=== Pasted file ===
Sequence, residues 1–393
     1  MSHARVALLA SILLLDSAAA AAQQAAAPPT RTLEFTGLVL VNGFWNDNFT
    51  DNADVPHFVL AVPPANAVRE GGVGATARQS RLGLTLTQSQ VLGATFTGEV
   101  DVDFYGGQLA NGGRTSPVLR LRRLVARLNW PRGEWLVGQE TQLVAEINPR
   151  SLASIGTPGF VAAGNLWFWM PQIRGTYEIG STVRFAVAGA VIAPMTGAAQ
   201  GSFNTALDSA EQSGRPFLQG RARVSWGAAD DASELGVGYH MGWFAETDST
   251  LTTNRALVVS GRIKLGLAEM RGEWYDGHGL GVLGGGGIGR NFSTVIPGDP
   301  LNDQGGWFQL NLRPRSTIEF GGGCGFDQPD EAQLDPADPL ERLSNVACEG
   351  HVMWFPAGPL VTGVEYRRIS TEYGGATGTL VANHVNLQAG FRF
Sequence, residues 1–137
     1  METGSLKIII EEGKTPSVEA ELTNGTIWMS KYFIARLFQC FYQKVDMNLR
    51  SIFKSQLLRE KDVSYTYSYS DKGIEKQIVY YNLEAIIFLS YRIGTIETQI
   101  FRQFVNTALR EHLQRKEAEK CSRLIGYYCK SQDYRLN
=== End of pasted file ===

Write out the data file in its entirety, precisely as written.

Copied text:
Sequence, residues 1–393
     1  MSHARVALLA SILLLDSAAA AAQQAAAPPT RTLEFTGLVL VNGFWNDNFT
    51  DNADVPHFVL AVPPANAVRE GGVGATARQS RLGLTLTQSQ VLGATFTGEV
   101  DVDFYGGQLA NGGRTSPVLR LRRLVARLNW PRGEWLVGQE TQLVAEINPR
   151  SLASIGTPGF VAAGNLWFWM PQIRGTYEIG STVRFAVAGA VIAPMTGAAQ
   201  GSFNTALDSA EQSGRPFLQG RARVSWGAAD DASELGVGYH MGWFAETDST
   251  LTTNRALVVS GRIKLGLAEM RGEWYDGHGL GVLGGGGIGR NFSTVIPGDP
   301  LNDQGGWFQL NLRPRSTIEF GGGCGFDQPD EAQLDPADPL ERLSNVACEG
   351  HVMWFPAGPL VTGVEYRRIS TEYGGATGTL VANHVNLQAG FRF
Sequence, residues 1–137
     1  METGSLKIII EEGKTPSVEA ELTNGTIWMS KYFIARLFQC FYQKVDMNLR
    51  SIFKSQLLRE KDVSYTYSYS DKGIEKQIVY YNLEAIIFLS YRIGTIETQI
   101  FRQFVNTALR EHLQRKEAEK CSRLIGYYCK SQDYRLN